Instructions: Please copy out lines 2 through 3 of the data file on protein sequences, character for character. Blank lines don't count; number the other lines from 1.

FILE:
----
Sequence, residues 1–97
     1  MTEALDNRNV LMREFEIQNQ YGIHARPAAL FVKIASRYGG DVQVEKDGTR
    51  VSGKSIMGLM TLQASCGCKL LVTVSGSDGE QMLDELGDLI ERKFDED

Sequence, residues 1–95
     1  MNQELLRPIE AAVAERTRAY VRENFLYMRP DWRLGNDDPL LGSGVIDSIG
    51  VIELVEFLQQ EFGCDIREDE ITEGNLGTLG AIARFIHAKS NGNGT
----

     1  MTEALDNRNV LMREFEIQNQ YGIHARPAAL FVKIASRYGG DVQVEKDGTR
    51  VSGKSIMGLM TLQASCGCKL LVTVSGSDGE QMLDELGDLI ERKFDED